How To Overcome Common Collection Problems

Unemployment:

Be sympathetic but keep the patient making payments, even if they are smaller than normal. Maintain control. Offer a short term plan that accepts smaller payments, and follow up with the patient after the predetermined period of time to determine whether they have returned to work and can establish a more acceptable payment plan.

 

Illness:

Find out who is ill and the severity of the illness. Keep questioning until you have the information you need. If the illness is catastrophic in nature and there are no assets left, you may have to end your collection efforts.

 

Payment is in the mail:

Try to distinguish if this is a stall or is really true. Ask for the amount of the check, date, check number, and the bank the check is written on. Tell the patient you will be calling if the check is not in your hands within two business days , and be sure to do so.

 

Promise to pay in the future:

Check patient’s past payment record, if any, and find out why full payment cannot be made now. Avoid agreeing to a payment too far into the future.

 

Not responsible for debt:

Ask questions to find out why the patient feels this way. Often the patient doesn’t understand their charges. It is up to you to determine the real problem and help the patient resolve it. If their reasoning seems to be valid, get information about the responsible party or insurance company. Remind the patient that even if they have insurance, they are the ones who are ultimately responsible for payment of the debt.

For training videos on how to overcome common objections and excuses, visit our YouTube channel.

 

Separation/divorce:

Ask questions to gather information and obtain the names of the attorneys. Compare the date of charges to the date of the divorce decree or separation. If debt was incurred before the divorce, find out who was responsible for payment of the bills at that time.

 

Bankruptcy:

Find out the type of bankruptcy the patient filed. Get the date and docket number of the case. The law requires you to stop your collection efforts once bankruptcy has been filed and the court will determine who is to receive any available assets.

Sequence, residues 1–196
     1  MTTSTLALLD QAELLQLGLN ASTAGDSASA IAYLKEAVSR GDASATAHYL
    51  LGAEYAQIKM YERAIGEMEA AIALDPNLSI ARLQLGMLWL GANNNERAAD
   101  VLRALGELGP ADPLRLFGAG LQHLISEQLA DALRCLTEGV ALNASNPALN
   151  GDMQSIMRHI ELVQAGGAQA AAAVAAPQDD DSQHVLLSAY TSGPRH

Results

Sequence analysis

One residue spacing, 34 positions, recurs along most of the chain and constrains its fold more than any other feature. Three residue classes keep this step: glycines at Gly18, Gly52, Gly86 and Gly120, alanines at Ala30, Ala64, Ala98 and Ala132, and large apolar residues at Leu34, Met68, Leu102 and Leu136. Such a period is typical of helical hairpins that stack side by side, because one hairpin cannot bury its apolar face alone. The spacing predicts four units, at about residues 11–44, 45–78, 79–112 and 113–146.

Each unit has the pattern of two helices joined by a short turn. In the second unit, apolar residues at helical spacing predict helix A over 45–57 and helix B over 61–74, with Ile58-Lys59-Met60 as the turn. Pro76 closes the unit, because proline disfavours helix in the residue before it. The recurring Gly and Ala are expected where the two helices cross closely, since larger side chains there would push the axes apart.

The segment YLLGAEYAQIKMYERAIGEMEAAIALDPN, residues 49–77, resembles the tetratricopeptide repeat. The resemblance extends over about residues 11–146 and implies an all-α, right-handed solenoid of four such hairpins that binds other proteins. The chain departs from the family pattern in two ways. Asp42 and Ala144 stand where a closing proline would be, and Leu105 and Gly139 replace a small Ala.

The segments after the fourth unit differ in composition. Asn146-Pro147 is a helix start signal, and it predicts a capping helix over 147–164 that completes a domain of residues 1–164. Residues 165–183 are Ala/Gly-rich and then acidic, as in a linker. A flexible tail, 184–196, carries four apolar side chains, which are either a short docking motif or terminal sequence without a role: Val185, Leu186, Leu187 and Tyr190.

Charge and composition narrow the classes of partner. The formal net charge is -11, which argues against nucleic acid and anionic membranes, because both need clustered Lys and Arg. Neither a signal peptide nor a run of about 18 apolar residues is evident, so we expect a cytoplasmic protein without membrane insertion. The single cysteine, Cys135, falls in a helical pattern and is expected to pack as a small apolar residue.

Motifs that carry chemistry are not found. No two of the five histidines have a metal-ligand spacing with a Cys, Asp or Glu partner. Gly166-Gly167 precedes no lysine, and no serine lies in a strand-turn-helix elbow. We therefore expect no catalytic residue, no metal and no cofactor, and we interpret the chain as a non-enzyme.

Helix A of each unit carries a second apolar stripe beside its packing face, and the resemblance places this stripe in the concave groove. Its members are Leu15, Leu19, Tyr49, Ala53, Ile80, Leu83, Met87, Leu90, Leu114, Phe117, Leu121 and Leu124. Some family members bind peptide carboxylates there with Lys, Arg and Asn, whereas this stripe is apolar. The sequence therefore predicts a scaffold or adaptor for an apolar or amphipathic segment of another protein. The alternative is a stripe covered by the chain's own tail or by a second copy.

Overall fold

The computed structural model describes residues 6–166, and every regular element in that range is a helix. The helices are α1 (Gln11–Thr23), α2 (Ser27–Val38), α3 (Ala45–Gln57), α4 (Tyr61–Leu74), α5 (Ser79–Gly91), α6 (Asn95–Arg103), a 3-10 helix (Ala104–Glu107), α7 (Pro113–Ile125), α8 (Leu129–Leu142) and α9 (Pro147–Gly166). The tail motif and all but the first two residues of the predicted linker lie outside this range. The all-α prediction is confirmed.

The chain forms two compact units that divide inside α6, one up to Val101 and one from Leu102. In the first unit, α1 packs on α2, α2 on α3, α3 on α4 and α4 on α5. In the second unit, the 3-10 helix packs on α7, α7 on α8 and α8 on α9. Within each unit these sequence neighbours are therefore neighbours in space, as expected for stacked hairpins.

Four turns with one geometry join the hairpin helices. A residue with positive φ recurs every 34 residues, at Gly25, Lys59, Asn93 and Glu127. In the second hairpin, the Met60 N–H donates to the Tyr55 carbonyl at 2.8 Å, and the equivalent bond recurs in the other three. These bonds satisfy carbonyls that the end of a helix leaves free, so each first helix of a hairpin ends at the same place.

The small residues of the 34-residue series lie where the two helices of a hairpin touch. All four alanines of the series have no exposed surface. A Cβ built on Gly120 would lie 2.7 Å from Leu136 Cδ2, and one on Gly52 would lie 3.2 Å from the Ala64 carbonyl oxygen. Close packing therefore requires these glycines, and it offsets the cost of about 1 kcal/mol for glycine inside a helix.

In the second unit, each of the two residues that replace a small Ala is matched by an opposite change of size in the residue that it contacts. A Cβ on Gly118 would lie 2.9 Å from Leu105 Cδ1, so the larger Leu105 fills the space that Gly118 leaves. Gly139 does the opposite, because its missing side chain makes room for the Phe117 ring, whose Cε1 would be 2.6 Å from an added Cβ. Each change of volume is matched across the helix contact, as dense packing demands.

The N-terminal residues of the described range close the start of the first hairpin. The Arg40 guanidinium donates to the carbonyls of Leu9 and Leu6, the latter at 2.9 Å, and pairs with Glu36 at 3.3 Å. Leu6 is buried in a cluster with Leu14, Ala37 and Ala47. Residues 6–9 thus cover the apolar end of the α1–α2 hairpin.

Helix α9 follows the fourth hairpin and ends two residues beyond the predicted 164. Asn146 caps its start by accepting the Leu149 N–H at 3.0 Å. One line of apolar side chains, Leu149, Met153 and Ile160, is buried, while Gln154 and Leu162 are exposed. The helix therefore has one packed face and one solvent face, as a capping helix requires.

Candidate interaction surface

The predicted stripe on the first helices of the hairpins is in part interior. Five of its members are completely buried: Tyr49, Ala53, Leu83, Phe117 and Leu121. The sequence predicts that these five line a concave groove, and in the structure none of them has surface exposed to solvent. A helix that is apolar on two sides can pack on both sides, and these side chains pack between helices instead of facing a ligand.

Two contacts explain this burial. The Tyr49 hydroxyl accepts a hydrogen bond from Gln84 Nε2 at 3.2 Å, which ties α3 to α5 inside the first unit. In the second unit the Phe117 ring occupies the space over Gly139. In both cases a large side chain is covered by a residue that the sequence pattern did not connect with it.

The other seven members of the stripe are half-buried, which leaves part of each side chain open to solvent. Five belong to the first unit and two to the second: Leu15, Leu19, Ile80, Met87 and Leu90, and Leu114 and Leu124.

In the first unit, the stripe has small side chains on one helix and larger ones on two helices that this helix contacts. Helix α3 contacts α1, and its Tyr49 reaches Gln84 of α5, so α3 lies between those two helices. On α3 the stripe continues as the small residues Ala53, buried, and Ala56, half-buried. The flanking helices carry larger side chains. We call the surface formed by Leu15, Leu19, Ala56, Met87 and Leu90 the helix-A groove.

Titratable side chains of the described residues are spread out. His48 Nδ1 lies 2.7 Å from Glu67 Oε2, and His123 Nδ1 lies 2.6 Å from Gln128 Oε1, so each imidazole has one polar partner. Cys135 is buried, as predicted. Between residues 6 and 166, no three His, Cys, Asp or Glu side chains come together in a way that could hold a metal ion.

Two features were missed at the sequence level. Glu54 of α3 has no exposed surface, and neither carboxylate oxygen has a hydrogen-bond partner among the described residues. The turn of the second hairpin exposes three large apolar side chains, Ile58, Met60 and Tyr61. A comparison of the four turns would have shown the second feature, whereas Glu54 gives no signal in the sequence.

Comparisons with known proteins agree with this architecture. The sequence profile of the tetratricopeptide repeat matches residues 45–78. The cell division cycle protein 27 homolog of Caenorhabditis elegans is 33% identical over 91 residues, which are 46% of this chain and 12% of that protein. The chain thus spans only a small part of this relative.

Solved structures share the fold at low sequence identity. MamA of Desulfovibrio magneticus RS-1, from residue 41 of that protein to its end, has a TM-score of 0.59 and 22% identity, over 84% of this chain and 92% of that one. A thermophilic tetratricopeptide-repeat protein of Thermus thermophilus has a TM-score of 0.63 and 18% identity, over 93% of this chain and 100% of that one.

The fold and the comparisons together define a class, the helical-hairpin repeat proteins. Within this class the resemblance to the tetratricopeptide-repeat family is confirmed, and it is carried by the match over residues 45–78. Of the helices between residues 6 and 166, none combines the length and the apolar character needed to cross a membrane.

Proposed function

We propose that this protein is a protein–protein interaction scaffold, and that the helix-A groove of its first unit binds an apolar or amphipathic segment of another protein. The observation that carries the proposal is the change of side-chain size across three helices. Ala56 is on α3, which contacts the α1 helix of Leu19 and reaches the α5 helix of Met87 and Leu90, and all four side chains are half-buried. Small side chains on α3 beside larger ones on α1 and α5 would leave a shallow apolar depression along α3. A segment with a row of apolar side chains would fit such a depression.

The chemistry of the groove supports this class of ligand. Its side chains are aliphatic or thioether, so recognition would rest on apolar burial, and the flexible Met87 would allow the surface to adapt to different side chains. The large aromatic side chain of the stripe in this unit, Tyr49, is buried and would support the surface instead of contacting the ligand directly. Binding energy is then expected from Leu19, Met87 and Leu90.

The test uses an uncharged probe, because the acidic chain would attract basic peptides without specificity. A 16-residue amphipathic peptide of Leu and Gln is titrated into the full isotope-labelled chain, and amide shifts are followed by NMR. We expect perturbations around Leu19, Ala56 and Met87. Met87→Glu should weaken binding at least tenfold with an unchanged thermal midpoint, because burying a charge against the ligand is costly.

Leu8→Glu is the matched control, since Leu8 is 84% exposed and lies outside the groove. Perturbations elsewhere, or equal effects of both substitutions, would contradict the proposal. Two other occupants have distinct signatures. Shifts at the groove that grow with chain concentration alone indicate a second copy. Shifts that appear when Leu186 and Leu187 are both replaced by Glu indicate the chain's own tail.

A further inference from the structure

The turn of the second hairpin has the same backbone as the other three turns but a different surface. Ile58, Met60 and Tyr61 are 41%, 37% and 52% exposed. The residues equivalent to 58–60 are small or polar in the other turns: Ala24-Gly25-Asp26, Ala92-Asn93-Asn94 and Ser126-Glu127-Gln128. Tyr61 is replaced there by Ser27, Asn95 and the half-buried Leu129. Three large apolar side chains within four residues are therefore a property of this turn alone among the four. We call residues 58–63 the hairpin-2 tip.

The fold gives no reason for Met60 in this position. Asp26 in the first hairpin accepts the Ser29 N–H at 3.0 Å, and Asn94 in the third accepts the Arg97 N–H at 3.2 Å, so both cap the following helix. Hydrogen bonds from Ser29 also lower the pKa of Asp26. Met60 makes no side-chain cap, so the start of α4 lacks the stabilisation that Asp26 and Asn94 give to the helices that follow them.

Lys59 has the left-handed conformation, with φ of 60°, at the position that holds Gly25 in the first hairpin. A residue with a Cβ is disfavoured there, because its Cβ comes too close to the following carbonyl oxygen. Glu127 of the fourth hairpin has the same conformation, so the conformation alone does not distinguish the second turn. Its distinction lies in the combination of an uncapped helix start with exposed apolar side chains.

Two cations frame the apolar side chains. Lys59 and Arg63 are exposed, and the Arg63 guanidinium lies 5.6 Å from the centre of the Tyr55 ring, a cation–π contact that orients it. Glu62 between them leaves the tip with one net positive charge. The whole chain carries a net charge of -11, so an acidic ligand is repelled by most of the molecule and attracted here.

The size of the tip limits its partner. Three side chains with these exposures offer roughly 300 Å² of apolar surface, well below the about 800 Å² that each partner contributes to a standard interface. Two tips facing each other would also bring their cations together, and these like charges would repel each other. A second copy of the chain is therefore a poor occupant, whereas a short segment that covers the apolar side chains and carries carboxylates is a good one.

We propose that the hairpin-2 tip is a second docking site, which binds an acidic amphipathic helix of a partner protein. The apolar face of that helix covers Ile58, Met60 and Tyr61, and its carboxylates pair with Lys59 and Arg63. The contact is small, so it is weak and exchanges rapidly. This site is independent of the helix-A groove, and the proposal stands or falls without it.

Receipt of partial payment:

Thank the patient for payment and find out how much more they owe in order to make payment in full. At this stage you have to make the best payment arrangement possible. Specify the date payment is due, the amount of the payment, and the manner in which it will be made (check, money order, etc.).

 

Hearing-impaired patient:

To communicate with a profoundly hearing-impaired patient you must both have a TDD (Telecommunications Device for the Deaf) machine. If you do not, you may communicate through a relay service which charges a fee for each call made. If a service is used, your first message must ask the patient for a written release allowing you to discuss personal business affairs and personal health information through a third party.

 

Call after a broken promise:

It is very important to follow up immediately upon failure to maintain a payment arrangement or promise to pay. Find out why the promise was broken and ask for payment in full again. If payment in  full is not possible, the patient may want to set up a payment schedule again. Be sure they know that this is the last promise you will accept from them.

 

Patient is not home/not available:

Get the name of the person you are talking to. Find out when the patient will be home and, if you do not have them, try to get phone numbers for the place of employment of both the patient and their spouse.

 

Argumentative patients:

Do not allow yourself to become personally involved and do not argue. If you have difficulty coping, transfer the call to your collection supervisor.

 

Abusive patients:

First, try to identify the problem. Once you have determined the real issue, assure the patient that you will try to help resolve it. It is important to listen; this is how you will identify the problem areas and discover ways of solving them.

 

Military patients:

Patients in the military move frequently and are difficult to contact. If your letters are being ignored, you might try going through the patient’s chain of command.

 

Death:

Be sympathetic and understanding. Find out the name of the executor of the estate and contact them. If necessary, file a creditor’s claim.

 

Turnover:

You may come in contact with a patient with whom you cannot work. The best thing to do is to turn that account over to someone else who may be able to approach the patient from a new, more successful angle.

 

See our Guide to Contacting Patients for more tips on the best days and times to contact patients regarding an outstanding bill.

 

Before making a call to a patient, review the 8 Steps to a Good Collection Call.

 

This information is not to be construed as legal advice. Legal advice must be tailored to the specific circumstances of each case. Although we attempt to provide up-to-date information, laws and regulations often change. We make no claims, promises, or guarantees about the accuracy or completeness of this document. For legal advice, please consult an attorney.

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